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University of Minnesota Extension

Livestock health and 4-H learning go together for animal project youth

Riddle: What can transform into a rabbit shed, a pig barn entry, a livestock feed room and more?

Answer: The University of Minnesota’s Biosecure Entry and Education Trailer (BEET)

“Biosecurity is the steps you take to prevent and reduce the introduction and spread of disease,” says Abby Neu, University of Minnesota Extension livestock educator.

The BEET traveled more than 1,800 miles across Minnesota in June, bringing biosecurity education to 230 4-H livestock exhibitors at six locations in the state. The Extension livestock team set up the BEET as mock livestock spaces that looked and functioned differently depending on which group of 4-H’ers were visiting it.

Map shows Livestock Day locations in Bemidji, Willmar, Slayton, Little Falls, Farmington, Waseca
Extension's 2018 4-H Livestock Day came to Bemidji, Willmar, Slayton, Farmington, Little Falls, Waseca

It was all part of an educational program for 4-H beef, swine, rabbit and meat goat exhibitors during 4-H Livestock Day Camps. “We will also present the workshop for 4-H’ers in dairy projects at the State Fair and horse participants at the State Horse Show,” says Neu.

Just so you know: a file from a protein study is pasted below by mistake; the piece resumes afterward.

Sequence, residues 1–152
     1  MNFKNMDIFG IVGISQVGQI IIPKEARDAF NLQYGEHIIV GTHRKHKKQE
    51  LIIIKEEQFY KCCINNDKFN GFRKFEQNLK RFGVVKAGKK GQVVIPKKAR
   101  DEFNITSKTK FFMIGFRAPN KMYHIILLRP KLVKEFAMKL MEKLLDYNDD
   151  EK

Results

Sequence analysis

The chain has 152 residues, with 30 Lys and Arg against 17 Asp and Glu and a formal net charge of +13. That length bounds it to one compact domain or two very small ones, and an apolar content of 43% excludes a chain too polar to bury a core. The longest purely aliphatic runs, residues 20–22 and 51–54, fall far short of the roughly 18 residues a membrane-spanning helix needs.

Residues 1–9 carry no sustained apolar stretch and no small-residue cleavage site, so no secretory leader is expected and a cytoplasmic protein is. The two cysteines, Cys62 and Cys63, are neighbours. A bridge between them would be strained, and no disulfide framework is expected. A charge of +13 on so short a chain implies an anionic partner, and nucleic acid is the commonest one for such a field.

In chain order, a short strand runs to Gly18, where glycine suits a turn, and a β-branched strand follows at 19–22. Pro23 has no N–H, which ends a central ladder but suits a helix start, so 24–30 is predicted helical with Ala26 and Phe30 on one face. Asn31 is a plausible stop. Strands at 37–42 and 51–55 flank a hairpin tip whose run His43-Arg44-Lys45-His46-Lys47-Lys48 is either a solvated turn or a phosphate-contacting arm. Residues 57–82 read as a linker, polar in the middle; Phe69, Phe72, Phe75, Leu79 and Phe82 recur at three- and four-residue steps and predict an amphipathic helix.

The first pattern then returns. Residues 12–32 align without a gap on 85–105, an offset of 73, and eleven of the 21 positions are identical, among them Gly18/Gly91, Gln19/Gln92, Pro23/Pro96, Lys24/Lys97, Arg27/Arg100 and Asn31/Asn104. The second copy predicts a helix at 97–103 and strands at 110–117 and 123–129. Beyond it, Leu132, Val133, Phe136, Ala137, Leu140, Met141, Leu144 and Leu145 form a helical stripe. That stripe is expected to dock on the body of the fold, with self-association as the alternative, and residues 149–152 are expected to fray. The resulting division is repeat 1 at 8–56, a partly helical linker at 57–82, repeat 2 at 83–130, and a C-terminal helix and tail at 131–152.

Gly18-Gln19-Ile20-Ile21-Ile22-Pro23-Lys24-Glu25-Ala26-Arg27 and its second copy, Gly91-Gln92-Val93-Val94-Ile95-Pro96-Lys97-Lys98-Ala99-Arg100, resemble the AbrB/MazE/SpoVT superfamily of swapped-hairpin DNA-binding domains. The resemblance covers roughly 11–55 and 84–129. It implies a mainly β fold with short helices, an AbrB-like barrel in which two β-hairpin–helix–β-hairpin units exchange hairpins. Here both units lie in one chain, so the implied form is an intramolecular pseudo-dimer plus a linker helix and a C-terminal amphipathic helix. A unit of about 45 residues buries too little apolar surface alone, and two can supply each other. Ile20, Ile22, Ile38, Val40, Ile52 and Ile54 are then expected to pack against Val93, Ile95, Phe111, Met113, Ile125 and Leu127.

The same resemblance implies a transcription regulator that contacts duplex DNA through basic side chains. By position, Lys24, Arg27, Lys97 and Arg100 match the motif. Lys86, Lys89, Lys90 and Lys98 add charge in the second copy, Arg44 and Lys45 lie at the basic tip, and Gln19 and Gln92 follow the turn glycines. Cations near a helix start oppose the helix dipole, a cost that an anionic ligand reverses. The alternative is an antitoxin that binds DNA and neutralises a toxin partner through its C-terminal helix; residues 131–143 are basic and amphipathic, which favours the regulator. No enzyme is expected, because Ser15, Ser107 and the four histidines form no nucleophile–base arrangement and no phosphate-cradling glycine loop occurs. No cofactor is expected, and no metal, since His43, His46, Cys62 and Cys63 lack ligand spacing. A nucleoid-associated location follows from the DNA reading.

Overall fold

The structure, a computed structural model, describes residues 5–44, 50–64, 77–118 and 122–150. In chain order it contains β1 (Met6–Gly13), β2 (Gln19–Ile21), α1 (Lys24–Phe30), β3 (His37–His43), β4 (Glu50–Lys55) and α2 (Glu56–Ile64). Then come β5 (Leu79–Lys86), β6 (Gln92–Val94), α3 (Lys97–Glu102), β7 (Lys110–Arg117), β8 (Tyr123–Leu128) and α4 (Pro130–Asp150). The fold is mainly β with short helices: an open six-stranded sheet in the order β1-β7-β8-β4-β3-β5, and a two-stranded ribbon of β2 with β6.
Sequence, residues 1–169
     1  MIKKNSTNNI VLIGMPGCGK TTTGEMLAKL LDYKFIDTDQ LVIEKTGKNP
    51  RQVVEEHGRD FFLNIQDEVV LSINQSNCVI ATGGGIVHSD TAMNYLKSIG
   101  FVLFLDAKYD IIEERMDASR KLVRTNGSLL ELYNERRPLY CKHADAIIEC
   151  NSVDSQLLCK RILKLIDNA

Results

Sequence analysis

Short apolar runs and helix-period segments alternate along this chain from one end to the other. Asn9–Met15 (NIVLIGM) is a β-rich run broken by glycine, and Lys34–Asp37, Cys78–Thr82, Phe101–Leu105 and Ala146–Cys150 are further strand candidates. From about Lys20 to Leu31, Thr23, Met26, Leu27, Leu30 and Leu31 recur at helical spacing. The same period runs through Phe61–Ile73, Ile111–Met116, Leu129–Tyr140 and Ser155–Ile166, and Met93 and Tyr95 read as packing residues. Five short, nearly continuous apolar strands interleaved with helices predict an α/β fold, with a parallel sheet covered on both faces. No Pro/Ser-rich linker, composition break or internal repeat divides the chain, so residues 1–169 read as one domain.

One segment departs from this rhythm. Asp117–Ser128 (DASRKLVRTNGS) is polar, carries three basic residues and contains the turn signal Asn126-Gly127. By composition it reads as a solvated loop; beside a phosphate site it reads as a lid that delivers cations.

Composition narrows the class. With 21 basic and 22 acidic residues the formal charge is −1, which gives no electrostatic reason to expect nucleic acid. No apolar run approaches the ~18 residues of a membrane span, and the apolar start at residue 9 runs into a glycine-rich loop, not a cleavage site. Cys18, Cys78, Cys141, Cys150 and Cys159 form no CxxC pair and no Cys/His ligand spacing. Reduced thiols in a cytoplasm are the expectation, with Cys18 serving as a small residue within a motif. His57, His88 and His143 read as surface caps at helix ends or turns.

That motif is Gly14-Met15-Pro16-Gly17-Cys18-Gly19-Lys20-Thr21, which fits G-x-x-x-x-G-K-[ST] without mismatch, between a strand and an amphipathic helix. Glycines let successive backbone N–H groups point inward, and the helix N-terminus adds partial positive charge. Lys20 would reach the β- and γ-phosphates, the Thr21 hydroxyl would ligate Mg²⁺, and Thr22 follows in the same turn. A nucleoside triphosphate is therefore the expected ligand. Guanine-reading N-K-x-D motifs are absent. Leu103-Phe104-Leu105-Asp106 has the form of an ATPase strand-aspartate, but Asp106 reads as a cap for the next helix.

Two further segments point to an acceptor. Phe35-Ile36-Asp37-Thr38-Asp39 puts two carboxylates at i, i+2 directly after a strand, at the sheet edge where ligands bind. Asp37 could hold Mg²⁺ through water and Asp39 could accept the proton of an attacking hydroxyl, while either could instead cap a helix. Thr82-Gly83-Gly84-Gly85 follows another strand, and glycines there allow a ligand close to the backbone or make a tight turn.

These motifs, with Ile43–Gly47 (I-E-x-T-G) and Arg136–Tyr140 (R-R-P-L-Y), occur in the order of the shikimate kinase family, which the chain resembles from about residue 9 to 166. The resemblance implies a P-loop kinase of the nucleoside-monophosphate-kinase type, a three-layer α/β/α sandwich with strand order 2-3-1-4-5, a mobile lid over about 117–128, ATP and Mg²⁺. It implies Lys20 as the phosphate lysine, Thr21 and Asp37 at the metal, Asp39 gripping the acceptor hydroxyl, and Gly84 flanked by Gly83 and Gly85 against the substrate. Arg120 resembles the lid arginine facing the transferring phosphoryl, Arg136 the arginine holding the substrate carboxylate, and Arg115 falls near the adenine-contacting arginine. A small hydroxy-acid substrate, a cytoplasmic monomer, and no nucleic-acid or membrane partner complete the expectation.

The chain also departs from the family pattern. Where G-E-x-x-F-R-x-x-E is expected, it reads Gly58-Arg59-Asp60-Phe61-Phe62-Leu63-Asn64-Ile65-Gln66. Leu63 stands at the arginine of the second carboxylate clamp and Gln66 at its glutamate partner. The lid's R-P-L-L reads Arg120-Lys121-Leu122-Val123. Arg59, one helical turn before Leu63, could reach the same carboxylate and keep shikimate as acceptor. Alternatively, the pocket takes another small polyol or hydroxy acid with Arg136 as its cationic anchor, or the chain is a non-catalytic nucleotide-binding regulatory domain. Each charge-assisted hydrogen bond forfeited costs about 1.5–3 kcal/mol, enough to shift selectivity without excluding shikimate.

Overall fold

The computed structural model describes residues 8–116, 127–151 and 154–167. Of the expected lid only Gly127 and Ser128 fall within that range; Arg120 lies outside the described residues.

4-H’ers spent time in the BEET learning how to put on and remove barn-specific clothes and boots without bringing diseases in from the outside. They practiced biosecure ways to feed and water their animals, and also learned the importance of quarantining new or returning animals.

At the end of the day, each 4-H exhibitor received a “Biosecurity Starter Kit”, a five-gallon bucket which contained a bar of soap, a face mask, disposable gloves and boots, a pack of disinfectant wipes and a brush for scrubbing. In addition, the exhibitors received a flash drive bracelet which contained disease, disinfectant and biosecurity information for the four-species.

Extension livestock educators Neu, Sarah Schieck and Diane DeWitte collaborated with Joseph Rand, 4-H educator, and Sharon Davis, 4-H science of animals director, to develop species-specific biosecurity information.

93 percent of participants said that they now know how to write a biosecurity plan, and 91 percent say they could teach someone else about Biosecurity. While animal topics other than biosecurity were taught, biosecurity topics participants found most useful included learning about diseases, cleanliness, animal health and how to talk with veterinarians.


The 4-H Livestock Day Camps were hosted by University of Minnesota Extension 4-H with collaboration from Extension livestock team. Neu received an Extension Risk Management Education grant funded by USDA to fund biosecurity education at the day camps. The BEET unit was created through support by the University of Minnesota Rapid Agricultural Response Fund from the State of Minnesota. The BEET team also collaborated with Poultry And Livestock Supply (PALS) of Willmar, Minn., for acquisition, support and sponsorship of the biosecurity buckets and their contents.

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